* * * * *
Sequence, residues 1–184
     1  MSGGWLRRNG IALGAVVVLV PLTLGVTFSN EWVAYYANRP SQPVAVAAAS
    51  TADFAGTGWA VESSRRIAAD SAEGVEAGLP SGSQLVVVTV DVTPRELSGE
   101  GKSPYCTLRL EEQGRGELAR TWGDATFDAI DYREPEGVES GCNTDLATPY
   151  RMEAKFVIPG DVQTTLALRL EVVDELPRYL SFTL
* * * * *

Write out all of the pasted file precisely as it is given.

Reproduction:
Sequence, residues 1–184
     1  MSGGWLRRNG IALGAVVVLV PLTLGVTFSN EWVAYYANRP SQPVAVAAAS
    51  TADFAGTGWA VESSRRIAAD SAEGVEAGLP SGSQLVVVTV DVTPRELSGE
   101  GKSPYCTLRL EEQGRGELAR TWGDATFDAI DYREPEGVES GCNTDLATPY
   151  RMEAKFVIPG DVQTTLALRL EVVDELPRYL SFTL